Language Out of Place

Transgressive Semiotics and the Lived Experience of Race in Borderlands Education

Research output: Contribution to journalArticle

2 Citations (Scopus)

Abstract

Students’ talk about identity presents a challenge to teachers and researchers, as its social meaning is often ambiguous and indeterminate. This article adapts the concept of transgressive semiotics, originally developed in relation to linguistic landscapes, to explore moments when unexpected uses of language, involving some mismatch of speaker, utterance, and intention, were taken up in ways that offered profound insight into issues of racial identification and belonging in the U.S.-Mexico borderlands. Close analysis of interactional, observational, and interview data from a linguistic ethnographic study of a high school science classroom in southern Arizona shows that students monitored their own and others’ talk for out-of-place utterances, including stylized speech, errors, and gaffes. Students used these semiotic transgressions as opportunities to give voice to their lived experience of being Mexican in a social context characterized by widespread monitoring and surveillance.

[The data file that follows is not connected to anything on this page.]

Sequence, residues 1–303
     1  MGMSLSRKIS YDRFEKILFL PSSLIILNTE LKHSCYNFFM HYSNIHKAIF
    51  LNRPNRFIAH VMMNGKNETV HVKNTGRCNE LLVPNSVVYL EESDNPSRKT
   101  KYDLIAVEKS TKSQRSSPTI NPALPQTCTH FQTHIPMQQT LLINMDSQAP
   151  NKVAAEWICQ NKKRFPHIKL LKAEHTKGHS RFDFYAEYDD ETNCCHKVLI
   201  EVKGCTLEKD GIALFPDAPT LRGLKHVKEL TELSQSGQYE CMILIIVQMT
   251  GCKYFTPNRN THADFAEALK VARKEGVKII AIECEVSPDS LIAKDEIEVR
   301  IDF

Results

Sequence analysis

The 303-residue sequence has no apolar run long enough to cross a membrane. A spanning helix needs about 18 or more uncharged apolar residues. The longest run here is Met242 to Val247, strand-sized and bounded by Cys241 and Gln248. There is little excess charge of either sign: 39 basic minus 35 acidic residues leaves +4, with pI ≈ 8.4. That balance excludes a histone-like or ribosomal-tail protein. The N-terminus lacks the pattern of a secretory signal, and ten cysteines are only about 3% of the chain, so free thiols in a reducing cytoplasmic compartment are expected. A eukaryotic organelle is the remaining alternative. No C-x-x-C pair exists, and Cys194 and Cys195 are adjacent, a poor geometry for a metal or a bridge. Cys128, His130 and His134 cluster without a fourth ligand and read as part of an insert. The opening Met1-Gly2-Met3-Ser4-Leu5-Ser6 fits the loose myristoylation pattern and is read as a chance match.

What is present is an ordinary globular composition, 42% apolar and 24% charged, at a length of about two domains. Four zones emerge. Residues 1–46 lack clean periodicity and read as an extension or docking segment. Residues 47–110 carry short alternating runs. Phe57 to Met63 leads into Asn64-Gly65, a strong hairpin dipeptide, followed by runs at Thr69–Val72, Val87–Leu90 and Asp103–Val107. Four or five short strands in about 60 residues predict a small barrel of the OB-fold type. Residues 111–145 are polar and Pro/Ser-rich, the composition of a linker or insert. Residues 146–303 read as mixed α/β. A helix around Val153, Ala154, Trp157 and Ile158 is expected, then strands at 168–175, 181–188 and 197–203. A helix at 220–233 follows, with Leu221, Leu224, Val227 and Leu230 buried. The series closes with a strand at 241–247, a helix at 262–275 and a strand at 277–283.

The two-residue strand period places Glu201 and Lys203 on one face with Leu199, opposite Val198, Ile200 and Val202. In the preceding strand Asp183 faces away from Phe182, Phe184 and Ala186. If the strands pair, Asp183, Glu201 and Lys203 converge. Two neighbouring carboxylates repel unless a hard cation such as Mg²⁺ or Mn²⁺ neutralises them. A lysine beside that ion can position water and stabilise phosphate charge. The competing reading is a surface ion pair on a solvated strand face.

Original languageEnglish (US)
Pages (from-to)1-15
Number of pages15
JournalJournal of Language, Identity and Education
DOIs
StateAccepted/In press - Apr 8 2017

Fingerprint

semiotics
language
linguistics
education
experience
student
mismatch
surveillance
Mexico
monitoring
classroom
teacher
interview
science
school
Lived Experience
Utterance
Language
Borderlands
Education

Keywords

  • Classroom discourse
  • discourse analysis
  • ethnography
  • language use and identity
  • Latino English
  • race

ASJC Scopus subject areas

  • Language and Linguistics
  • Education
  • Linguistics and Language

Cite this

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